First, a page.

All Articles For Langerak, William

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Our Lord calls all of us to witness to Him and the gospel of salvation from sin and death by Him; and calls not only those who hold the office of minister, but all who hold the office of Christian; and to do that not only passively but actively; not only by mouth but by deed; and not only some days but every day of our life. This calling is not optional, something to choose to do or not do, accept or reject. If we are a Christian in whom the Spirit of Jesus dwells by faith, we must and...

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Most of us know the seven “I am” passages of John (the Bread of life; the Light of the world; the Door; the Good Shepherd; the Vine; the Resurrection and the Life; the Way, the Truth, and the Life), and even that there are ten if you include “I am,” “I am he,” and “I am in the Father.” But do you know the “hereby” passages of John, their significance, or how many there are? We should. For they are as profound as the “I am” texts, and the Spirit similarly calls attention to them. One way is this: “Hereby”...

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Dazed and vulnerable after the disaster at Kappel, the fledgling Protestant church in Zurich turned to a young refugee pastor for leadership. King Jesus’ rebuke of His servants had been severe. Twenty-five pastors were dead. Among them, Zwingli, whose body was drawn, quartered, and burnt; a grim warning to any who dared replace him. Associates were in hiding. And nearby Bremgarten had just surrendered to advancing Catholic forces. Terms: Expel their pastor. The pastor, Heinrich Bullinger, flees to Zurich. His wife Anna, forbidden to leave, arrives days later. With love stronger than death, she overpowers the guard, lets herself out...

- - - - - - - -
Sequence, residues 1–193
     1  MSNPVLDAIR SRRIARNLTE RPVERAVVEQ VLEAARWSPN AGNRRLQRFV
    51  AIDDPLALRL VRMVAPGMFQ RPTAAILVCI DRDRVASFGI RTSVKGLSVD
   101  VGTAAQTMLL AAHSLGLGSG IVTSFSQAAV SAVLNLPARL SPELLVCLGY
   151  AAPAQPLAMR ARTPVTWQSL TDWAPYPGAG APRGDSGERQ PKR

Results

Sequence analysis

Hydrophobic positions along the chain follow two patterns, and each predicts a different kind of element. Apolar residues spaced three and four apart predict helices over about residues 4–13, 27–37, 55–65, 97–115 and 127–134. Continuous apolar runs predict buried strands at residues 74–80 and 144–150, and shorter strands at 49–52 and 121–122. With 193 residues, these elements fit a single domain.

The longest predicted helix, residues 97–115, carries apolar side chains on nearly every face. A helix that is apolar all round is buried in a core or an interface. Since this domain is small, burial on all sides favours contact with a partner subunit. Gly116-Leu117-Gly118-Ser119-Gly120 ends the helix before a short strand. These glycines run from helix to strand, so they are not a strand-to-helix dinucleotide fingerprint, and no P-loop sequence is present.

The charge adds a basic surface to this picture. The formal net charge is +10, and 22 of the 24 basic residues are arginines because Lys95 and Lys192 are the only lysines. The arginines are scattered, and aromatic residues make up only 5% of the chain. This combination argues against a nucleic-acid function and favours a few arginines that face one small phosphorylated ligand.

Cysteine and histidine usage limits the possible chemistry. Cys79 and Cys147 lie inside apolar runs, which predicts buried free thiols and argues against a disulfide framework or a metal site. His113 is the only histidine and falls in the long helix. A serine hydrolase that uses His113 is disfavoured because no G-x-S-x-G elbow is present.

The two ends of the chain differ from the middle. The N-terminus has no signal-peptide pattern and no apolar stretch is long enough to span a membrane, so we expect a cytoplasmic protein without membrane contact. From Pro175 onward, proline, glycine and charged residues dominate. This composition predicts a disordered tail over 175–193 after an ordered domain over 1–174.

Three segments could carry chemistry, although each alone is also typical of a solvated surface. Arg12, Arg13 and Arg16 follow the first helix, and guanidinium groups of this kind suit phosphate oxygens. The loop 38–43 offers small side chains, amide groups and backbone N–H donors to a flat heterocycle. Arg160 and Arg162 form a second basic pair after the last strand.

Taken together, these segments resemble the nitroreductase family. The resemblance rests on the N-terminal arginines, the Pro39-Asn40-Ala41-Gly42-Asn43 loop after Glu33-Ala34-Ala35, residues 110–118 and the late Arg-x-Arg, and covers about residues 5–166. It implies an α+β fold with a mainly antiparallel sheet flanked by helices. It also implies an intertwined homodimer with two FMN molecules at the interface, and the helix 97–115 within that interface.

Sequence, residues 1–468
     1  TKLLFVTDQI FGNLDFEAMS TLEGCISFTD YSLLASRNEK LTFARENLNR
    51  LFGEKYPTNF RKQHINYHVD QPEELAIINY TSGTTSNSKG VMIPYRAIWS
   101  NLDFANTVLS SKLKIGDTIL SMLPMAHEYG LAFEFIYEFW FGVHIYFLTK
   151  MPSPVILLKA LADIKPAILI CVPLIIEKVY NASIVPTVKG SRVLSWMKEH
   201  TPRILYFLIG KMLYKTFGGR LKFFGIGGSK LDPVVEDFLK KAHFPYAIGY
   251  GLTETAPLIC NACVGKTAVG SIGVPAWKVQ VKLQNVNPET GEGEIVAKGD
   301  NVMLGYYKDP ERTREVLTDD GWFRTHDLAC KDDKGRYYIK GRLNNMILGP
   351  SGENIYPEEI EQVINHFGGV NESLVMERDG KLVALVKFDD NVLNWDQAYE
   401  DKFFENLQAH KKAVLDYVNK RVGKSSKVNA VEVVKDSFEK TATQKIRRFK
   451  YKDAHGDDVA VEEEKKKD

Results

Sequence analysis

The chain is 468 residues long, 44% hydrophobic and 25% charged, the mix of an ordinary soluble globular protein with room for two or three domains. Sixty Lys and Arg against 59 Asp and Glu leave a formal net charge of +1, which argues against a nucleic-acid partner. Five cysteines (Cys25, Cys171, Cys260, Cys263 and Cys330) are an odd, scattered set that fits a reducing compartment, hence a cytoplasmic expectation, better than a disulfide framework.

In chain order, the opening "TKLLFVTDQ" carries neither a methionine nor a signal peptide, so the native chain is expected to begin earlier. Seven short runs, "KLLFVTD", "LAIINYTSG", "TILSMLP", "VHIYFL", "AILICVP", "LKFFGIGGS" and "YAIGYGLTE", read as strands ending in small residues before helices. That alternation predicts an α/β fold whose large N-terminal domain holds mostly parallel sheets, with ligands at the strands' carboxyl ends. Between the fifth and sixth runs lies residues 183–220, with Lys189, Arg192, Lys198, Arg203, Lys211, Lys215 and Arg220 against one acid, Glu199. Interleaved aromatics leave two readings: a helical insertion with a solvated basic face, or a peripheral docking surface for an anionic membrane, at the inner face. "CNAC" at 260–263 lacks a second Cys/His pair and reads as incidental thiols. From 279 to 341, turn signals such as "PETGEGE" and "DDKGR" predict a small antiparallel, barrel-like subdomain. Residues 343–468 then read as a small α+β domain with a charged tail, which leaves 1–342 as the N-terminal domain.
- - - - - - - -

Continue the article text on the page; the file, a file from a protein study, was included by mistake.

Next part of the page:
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Our God is the God who fills. Immense, He fills the vast heavens with His presence (Jer. 23:24). Thrice-holy, He fills the whole earth with His glory (Is. 6:3). Righteous Judge, He fills the world with His knowledge as waters cover the sea (Is. 11:9). Sovereign Lord, He sends His servants into the streets and lanes, highways and hedges to bring in the poor, maimed, halt, and blind to fill His house. Gracious, full of compassion and plenteous in mercy, He fills empty rebels with peace and the fruits of righteousness (Rom. 15:13-14; Phil. 1:11). Spirit, He fills dead men...

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In our age of capitalist bounty and socialist welfare state, of justice warriors and identity politics, it is easy to be cynical toward the poor and pleas to assist them. Nevertheless, every Christian ought to have the deepest pity for the poor, and if given the means, ought help his poor neighbor generously. Even more so, if that poor fellow is a believer. For if we have this world’s goods, see our brother in need, and show no compassion, the love of God does not dwell in us (I John 3:17). And no one can say, “We have no poor,”...